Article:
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What in the World is a Dram Shop Liability Claim?
There’s a huge chance that you’ve never even heard of a dram shop liability claim. However, if you were injured in an accident caused by a drunk driver, it’s something that might interest you. Read on to learn why.
If you’ve survived a crash involving someone driving under the influence, consider yourself fortunate. According to the National Highway Traffic Safety Association, drunk-driving accidents claimed more than 10,000 lives in 2017. Broken down, this accounted for one person dying nationally every 48 minutes.
In the meantime, you may still wonder what all this has to do with your claim for accidental injuries. In New Jersey, the laws on dram shop start at NJSA 2A:22A-1, and fall under the short title of the “New Jersey Licensed Alcoholic Beverage Server Fair Liability Act.”
Most people will readily admit that the operator of any motor vehicle has responsibilities when it comes to getting behind the wheel and deciding to drive. However, under New Jersey laws, the onus can go a step further.
When you pursue a claim for personal injuries caused by a crash with a drunken driver, your attorney conducts a complete investigation. Among the issues look at, are where the negligent motor vehicle operator was prior to the accident.
New Jersey businesses that serve alcoholic beverages have obligations when it comes to intoxicated patrons. In fact, NJSA 2A:22A-5 provides some conditions when you might be able to recover damages because tavern or bar owners served someone who was obviously drunk.
Conditions for Dram Shop Liability
In case you’re still not clear, the term dram shop represents the liability imposed on commercial establishments in cutting off drunken patrons. It not only applies to taverns or bars but could also include restaurants, casinos and social clubs with liquor licenses.
Once again, there are conditions when it comes to making dram shop claims for recovery of damages. First of all, there must be proof that an accident caused personal injury or property damage. However, you can’t pursue a claim invoking the New Jersey Licensed Alcoholic Beverage Server Liability Act, without the following:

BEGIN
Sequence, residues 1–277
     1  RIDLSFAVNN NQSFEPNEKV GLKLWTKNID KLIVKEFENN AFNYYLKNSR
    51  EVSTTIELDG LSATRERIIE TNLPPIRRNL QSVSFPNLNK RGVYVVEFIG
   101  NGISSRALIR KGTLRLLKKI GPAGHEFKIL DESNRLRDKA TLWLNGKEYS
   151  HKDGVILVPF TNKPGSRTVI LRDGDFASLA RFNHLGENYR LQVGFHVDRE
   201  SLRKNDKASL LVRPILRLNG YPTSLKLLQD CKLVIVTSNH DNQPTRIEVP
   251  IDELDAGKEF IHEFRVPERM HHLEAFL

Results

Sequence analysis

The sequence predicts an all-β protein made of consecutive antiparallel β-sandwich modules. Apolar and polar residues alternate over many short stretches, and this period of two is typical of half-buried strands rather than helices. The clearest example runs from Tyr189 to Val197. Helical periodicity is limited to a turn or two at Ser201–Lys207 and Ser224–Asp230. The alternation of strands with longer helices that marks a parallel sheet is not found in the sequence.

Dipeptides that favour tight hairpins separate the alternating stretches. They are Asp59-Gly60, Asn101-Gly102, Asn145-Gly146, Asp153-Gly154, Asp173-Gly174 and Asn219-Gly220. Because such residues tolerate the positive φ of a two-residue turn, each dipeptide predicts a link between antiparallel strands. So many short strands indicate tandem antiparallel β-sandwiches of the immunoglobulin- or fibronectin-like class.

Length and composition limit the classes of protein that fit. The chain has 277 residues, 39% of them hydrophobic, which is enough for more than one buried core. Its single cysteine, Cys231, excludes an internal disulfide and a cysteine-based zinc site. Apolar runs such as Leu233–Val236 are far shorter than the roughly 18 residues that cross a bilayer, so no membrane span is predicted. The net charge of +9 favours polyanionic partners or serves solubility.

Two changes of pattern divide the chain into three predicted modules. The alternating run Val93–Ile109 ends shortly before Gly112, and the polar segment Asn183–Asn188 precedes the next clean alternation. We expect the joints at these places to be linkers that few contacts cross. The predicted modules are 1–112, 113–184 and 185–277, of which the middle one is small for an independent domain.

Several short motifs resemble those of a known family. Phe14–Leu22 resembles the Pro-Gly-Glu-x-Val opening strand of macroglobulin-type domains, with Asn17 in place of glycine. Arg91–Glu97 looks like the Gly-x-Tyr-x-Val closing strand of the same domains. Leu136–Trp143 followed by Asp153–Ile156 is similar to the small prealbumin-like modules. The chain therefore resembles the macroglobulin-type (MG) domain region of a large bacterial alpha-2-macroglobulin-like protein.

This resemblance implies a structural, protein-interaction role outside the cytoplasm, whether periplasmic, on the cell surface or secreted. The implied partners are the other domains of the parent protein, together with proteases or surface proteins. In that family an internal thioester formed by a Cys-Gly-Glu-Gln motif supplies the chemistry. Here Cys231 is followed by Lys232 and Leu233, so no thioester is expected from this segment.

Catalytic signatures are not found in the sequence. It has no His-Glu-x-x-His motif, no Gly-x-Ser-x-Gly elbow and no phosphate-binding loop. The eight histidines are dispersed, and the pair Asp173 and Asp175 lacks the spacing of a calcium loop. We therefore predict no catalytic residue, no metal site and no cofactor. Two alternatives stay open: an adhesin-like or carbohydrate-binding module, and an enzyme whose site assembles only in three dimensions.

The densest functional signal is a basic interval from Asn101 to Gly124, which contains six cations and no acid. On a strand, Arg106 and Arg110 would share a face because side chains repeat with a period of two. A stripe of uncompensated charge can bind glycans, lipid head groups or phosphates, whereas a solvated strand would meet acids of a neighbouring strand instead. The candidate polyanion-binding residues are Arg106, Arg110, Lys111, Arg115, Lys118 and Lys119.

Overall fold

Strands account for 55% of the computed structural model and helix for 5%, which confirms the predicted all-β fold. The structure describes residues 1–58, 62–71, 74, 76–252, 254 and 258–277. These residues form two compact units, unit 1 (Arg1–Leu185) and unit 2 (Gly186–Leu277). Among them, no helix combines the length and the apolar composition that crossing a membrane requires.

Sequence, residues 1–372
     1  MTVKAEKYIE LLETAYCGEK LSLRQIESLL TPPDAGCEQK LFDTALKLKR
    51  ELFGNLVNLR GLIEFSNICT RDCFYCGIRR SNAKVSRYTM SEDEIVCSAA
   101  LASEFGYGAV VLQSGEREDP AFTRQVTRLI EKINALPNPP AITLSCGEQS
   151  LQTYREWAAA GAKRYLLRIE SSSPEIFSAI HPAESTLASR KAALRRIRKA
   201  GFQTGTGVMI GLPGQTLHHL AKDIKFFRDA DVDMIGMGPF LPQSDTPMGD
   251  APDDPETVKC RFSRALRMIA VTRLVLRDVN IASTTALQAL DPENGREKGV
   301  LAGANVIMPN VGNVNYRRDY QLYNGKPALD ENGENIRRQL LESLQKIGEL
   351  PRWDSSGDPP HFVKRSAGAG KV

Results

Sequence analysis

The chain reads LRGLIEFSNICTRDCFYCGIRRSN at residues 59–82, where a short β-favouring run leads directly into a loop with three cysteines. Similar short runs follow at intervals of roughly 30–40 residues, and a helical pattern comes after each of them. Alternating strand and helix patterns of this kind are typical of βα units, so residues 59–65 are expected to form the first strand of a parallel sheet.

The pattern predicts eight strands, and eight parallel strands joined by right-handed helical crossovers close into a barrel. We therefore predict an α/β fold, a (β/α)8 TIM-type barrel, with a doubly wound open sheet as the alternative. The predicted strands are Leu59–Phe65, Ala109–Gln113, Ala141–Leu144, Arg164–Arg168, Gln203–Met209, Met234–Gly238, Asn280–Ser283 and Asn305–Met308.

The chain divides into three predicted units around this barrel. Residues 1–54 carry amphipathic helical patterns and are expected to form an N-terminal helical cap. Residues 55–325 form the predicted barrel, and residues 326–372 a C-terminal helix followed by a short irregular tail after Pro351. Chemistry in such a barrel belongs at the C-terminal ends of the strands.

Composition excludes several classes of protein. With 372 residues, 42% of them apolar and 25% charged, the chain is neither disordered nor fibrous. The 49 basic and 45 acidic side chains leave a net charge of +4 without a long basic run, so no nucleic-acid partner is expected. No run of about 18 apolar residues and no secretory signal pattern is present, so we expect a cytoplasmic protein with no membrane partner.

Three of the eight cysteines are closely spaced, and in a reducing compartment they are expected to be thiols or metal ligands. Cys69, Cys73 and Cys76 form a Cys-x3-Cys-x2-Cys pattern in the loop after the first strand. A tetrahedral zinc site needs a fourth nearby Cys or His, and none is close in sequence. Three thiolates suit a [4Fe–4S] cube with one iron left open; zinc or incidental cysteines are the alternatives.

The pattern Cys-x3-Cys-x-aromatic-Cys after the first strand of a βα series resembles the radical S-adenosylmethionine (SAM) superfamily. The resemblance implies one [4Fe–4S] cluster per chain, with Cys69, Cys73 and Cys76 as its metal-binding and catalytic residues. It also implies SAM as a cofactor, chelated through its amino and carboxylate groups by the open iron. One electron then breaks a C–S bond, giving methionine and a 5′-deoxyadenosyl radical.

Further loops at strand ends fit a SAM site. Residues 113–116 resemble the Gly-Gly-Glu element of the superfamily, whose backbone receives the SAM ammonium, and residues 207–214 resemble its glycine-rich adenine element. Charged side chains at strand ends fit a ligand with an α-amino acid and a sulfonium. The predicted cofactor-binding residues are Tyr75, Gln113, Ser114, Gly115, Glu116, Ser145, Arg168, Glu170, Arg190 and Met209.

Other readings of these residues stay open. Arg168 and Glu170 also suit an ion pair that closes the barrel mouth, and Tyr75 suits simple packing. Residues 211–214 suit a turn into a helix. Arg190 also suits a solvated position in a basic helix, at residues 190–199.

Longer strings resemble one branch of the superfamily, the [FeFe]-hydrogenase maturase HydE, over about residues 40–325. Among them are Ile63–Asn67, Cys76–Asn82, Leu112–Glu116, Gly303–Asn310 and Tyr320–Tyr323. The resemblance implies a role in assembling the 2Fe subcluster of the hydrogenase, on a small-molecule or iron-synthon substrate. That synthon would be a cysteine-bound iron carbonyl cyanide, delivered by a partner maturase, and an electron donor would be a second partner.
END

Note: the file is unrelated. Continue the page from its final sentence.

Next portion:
• Proof that the server negligently served alcoholic beverages to visibly intoxicated individuals.
• Evidence that the bartender or some other employee provided alcohol to a minor. This includes a requisite finding that the business knew or should have known the minor was underage.
• An indication that negligent service of alcohol to either category of people proximately caused the injuries or damages.
Not Only Automobile Accidents
Meanwhile, other types of personal injury claims also suggest the pursuit of dram ship legal actions. All things considered, a bar or nightclub might be liable if you were injured in a bar fight. Once again, that does not mean the person who assaulted you becomes absolved from prosecution.
Dram shop claims involving physical altercations come with other considerations. For example, one assumption includes that it wasn’t you that initiated the fight. Another submits that you and your attacker did not mutually agree to engage in combat.
Think of the visibly intoxicated patron who decides to throw a beer bottle at you. There’s the obscure chance the two of you had no disputes. However, you might have avoided facial lacerations had the bar stopped serving someone who was unruly due to overconsumption of alcohol.
The Law Offices of Beninato & Matrafajlo provides experienced legal representation to personal injury victims within Union County and the surrounding areas. Contact us to learn how we can serve you in recovering the damages you deserve.